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Financial soundness of single versus dual banking system: explaining the role of Islamic banks

Abstract

This paper empirically investigates the financial stability of the countries having both Islamic and conventional banks versus the countries having only conventional banks. It also examines the ability of Islamic banks to provide stability to the overall financial system. The analysis is carried out for a sample of 416 banks drawn from 39 countries over the period 1995–2014. The results provide sound evidence that the dual banking system is more stable than the single banking system. Higher stability is attributed to the presence of Islamic banks in the dual banking system. Furthermore, when only the dual banking system is investigated, the results strongly confirm the greater stability of Islamic banks as compared to their conventional counterparts. Although Islamic banks are mimicking conventional banking practices, their increased interactions with the real economy, investments in real assets, non-aggressive lending profile, and limited exposures to speculative activities make them more resilient and protected.

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Notes

  1. 1.

    Financial stability can be defined as a condition in which the financial system–comprising financial intermediaries, markets, and market infrastructure – is capable of withstanding shocks and the unraveling of financial imbalances, thereby mitigating the likelihood of disruptions in the financial intermediation process which are severe enough to significantly impair the allocation of savings to profitable investment opportunities” (ECB 2007)”.

  2. 2.

    These countries having a market share of more than 15% of total banking assets.

  3. 3.

    Countries with double banking system: (No. of Conventional Banks, No. of Islamic Banks) Egypt (10, 2), Indonesia (37, 1), Palestine (83, 85), Pakistan (19, 2), Turkey (12, 1), Bangladesh (22, 7), Jordan (11, 3), Kuwait (89),Oman (81, 91), Qatar (7, 3), Saudi Arabia (8, 4), United Arab Emirates (17, 7), Bahrain (12, 6), Brunei Darussalam (81), Maldives (81), Gambia (8, 1), Yemen (87, 89), Iraq (12, 7), Syria (13, 2), Mauritania (9, 2).

  4. 4.

    Countries with single banking system (Total numbers of Conventional banks) Portugal (87), Poland (14), Norway (23), Mexico (83), Malta (85), Italy (13), Hungry (81), Finland (83), Greece (7), Hong Kong (8), Austria (7), Belgium (85), Colombia (7), Sweden (87), Spain (8), Zimbabwe (81), Argentina (91), Taiwan (12), Ukraine (11).

  5. 5.

    ID is defined as \( \kern0.5em 1-\left[\frac{Net\ interest\ income- other\ operating\ income}{Total\ operating\ income}\right] \).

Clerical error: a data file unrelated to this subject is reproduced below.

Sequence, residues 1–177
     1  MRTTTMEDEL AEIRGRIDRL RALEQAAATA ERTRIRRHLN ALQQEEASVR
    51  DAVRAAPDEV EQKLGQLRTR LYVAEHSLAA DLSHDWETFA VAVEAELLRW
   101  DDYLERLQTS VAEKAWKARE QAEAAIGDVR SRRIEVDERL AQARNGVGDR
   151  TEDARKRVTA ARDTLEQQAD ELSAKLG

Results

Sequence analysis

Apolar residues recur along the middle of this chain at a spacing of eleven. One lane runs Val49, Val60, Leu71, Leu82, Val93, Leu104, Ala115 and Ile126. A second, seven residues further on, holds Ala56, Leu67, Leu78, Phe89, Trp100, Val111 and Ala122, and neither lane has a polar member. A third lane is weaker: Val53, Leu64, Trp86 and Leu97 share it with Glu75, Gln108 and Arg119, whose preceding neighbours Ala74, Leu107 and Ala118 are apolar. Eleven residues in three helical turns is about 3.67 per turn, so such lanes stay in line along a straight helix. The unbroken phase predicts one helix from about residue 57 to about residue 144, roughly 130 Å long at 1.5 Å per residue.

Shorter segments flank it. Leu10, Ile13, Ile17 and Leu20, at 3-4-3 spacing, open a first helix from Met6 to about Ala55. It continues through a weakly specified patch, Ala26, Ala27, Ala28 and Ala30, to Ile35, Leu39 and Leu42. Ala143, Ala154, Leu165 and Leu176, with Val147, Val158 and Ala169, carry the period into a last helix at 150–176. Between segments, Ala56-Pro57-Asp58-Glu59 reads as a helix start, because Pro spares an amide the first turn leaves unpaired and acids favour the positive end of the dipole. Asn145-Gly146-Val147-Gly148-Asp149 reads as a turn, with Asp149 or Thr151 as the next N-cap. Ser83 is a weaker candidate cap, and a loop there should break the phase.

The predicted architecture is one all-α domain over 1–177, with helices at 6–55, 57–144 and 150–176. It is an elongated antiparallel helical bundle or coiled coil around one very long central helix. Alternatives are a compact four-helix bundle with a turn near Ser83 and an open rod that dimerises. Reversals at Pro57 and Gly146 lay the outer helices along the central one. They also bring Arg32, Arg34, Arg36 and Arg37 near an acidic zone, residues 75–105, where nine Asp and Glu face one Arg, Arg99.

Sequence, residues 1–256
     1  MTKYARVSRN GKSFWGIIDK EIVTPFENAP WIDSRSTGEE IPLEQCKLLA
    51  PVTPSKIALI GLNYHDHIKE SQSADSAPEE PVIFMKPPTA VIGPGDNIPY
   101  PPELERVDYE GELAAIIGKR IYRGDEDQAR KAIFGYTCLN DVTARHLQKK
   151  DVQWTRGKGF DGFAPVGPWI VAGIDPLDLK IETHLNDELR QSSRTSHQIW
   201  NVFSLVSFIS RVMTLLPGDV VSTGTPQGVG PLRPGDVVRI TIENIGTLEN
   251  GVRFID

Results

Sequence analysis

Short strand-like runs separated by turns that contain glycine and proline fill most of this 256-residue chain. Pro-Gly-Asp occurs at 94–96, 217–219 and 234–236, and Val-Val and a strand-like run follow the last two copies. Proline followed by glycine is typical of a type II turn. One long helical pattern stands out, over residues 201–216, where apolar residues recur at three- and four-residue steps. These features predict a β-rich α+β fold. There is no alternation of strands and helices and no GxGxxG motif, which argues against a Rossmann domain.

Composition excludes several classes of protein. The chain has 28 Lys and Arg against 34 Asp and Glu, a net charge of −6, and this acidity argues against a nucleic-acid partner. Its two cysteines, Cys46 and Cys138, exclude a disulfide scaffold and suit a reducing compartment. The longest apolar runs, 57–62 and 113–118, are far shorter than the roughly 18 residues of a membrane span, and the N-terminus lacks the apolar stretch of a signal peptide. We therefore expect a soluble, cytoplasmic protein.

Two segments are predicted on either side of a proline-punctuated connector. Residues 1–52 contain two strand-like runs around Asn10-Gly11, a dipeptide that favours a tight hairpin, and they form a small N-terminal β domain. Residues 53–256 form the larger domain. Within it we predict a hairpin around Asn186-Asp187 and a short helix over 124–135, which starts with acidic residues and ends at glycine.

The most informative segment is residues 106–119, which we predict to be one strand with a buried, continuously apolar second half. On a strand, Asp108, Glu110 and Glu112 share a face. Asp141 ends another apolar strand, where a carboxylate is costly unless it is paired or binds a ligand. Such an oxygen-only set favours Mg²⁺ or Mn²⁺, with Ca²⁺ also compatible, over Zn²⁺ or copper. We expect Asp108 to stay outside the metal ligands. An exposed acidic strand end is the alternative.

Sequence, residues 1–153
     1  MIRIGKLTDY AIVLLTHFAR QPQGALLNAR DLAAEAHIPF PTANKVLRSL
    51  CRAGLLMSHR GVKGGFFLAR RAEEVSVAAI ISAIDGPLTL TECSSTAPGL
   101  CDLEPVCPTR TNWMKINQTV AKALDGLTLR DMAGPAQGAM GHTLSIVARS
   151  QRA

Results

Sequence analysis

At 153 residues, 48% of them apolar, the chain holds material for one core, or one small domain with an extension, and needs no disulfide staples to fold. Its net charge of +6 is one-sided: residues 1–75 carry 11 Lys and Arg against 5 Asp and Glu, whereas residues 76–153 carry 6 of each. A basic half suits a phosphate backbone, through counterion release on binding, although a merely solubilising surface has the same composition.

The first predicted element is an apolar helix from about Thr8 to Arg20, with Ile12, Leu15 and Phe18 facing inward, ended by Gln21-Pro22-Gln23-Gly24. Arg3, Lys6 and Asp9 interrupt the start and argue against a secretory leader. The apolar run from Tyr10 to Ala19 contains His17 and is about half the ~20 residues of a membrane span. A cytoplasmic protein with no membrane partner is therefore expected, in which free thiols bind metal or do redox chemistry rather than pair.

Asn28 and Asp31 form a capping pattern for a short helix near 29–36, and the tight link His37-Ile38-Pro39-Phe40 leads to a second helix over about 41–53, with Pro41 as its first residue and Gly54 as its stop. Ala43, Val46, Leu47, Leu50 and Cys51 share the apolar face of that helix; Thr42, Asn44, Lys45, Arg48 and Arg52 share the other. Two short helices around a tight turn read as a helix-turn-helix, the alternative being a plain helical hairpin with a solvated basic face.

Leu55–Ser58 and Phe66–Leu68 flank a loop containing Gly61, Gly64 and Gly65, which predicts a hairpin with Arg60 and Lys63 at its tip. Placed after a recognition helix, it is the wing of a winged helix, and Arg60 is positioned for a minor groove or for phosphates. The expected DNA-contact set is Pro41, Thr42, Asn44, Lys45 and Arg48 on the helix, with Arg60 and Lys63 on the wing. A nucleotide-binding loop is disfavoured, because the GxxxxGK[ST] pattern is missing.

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Appendix

Appendix

Governance Measures:

Governance, the industry-specific variable, is the average of following six measures.

  1. 1.

    Voice and accountability

Reflects perceptions of the extent to which a country's citizens are able to participate in selecting their government, as well as freedom of expression, freedom of association, and free media.

  1. 2.

    Political stability

Political stability and absence of violence/terrorism measures perceptions of the likelihood of political instability and/or politically motivated violence, including terrorism.

  1. 3.

    Government effectiveness

Reflects perceptions of the quality of public services, the quality of the civil service and the degree of its independence from political pressures, the quality of policy formulation and implementation, and the credibility of the government's commitment to such policies.

  1. 4.

    Regulatory quality

Reflects perceptions of the ability of the government to formulate and implement sound policies and regulations that permit and promote private sector development.

  1. 5.

    Rule of law

Reflects perceptions of the extent to which agents have confidence in and abide by the rules of society, and in particular the quality of contract enforcement, property rights, the police, and the courts, as well as the likelihood of crime and violence.

  1. 6.

    Control of corruption

Reflects perceptions of the extent to which public power is exercised for private gain, including both petty and grand forms of corruption, as well as "capture" of the state by elites and private interests.

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Nosheen, Rashid, A. Financial soundness of single versus dual banking system: explaining the role of Islamic banks. Port Econ J (2020). https://doi.org/10.1007/s10258-019-00171-2

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Keywords

  • Financial stability
  • Islamic banks
  • Conventional banks
  • Dual banking system
  • Differential impact
  • System GMM

JEL classifications

  • G20
  • G21
  • Z12